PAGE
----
Now that I have a few decades between me and my misstep, I have some perspective on it. The way Mr. C reacted to my mistake really wasn’t all that unusual for him; it happened fairly often in rehearsals. It was probably his artistic temperament combined with a quest for perfection from his dancers. Really good dance companies don’t get that way because mistakes are let slide. Mr. C’s vision was to build one of the best companies in the country. And by all accounts, he succeeded.

So today, I see being yelled at by Mr. C as a badge of honor; it happened while I was in the presence of one of the legends of the dance world.

Visions of Sugarplum Fairies

Monday, December 15th, 2008

One of the pleasures of attending plays, concerts, or ballets in a small community like Petaluma is knowing some of the young artists who are performing. My daughters and I had that experience when we attended the Petaluma School of Ballet’s “Nutcracker” on Friday night. I certainly enjoy the spectacular scene changes and professionalism of San Francisco Ballet’s version, but given a choice, I prefer a local production; it’s much more meaningful to me to attend a show when I have a personal connection with the performers.

We were particularly looking forward to seeing one of Jennifer’s best friends dance the role of Clara. And when we settled into our seats and started studying the program, we recognized other dancers who we know from school or who danced in the Nutcracker when Jennifer was in it five years ago or even when Valerie was a flower presenter ten years ago. My daughters moved onto other activities, but these girls stayed with ballet and now, it’s a joy to see how they have grown up and improved as dancers.

I also appreciate the performance because I know the sacrifice that that both the girls and their parents make in order for them to perform. I don’t know the specifics of how many hours a week the girls rehearse prior to the performances, but I would guess it’s probably 20-plus hours a week. This has got to be especially tough on the dancers who are in high school and have finals week following an exhausting weekend of five performances. And the parents have to get them to rehearsals and put in their volunteer hours on top of the usual busyness of the holiday season.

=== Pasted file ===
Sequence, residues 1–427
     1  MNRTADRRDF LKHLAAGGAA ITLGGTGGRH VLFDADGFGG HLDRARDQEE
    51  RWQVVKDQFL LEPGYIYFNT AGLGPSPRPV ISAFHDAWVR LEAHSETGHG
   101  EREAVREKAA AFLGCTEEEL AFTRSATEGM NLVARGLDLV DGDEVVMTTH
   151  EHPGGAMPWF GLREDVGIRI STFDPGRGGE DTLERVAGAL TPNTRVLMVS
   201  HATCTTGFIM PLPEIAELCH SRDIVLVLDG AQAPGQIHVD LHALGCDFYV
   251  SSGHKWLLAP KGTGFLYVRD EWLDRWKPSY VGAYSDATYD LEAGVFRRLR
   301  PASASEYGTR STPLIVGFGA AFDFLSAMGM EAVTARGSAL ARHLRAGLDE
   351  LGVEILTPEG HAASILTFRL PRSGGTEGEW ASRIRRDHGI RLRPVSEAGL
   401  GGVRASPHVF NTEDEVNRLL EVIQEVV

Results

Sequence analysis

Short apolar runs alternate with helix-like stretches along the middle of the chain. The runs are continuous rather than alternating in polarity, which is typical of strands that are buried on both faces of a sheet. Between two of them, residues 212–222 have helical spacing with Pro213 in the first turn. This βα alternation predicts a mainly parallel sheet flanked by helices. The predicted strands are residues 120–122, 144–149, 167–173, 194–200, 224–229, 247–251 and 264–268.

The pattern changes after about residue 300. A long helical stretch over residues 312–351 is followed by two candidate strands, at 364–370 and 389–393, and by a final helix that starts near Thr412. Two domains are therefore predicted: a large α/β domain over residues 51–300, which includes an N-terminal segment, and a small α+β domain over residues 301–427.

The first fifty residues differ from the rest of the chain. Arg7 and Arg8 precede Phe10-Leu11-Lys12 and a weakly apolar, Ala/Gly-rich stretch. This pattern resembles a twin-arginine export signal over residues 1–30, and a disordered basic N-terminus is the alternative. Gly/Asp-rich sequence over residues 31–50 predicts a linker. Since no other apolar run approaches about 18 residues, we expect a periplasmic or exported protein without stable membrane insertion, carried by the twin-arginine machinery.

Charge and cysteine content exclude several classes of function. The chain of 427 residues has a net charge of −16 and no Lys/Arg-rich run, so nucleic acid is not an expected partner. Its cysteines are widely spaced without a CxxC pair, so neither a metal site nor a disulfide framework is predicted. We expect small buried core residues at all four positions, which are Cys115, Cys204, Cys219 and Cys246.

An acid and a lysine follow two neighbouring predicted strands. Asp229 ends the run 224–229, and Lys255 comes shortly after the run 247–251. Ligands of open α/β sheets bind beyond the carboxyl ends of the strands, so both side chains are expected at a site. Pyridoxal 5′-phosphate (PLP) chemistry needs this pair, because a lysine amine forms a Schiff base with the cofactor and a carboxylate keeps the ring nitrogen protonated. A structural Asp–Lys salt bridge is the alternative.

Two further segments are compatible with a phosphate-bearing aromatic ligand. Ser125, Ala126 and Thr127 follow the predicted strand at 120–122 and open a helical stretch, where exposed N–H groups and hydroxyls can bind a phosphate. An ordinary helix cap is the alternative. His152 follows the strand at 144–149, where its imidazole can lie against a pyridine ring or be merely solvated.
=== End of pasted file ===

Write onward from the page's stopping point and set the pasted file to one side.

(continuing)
As I mentioned earlier, Jennifer had a brief dancing career, so my stint as a Nutcracker parent was limited to one year. However, because I danced in about ten “Nutcrackers” in Salt Lake City starting when I was eight-years-old until I was 19, whenever I hear the music I’m immediately taken back to the experiences I had in each role.

To be continued”¦

Updating Our Ornaments

Monday, December 8th, 2008

When stores start decking their halls with the year’s latest home décor items for Christmas, I enjoy looking at the wreaths, ornaments, and table decorations but I don’t feel the urge to purchase anything new; I look forward to getting out the same decorations every year. The continuity from year-to-year is very reassuring to me; even though I’ve added a few wrinkles in during the last twelve months, the face on our nutcracker looks just as cheery as when I packed him away a year ago. And even though the bow on the wreath has gotten a little flat, I enjoy thinking back to when I made it twenty years ago and I was pregnant with our oldest son and wondering what life would be like after his arrival in the coming year.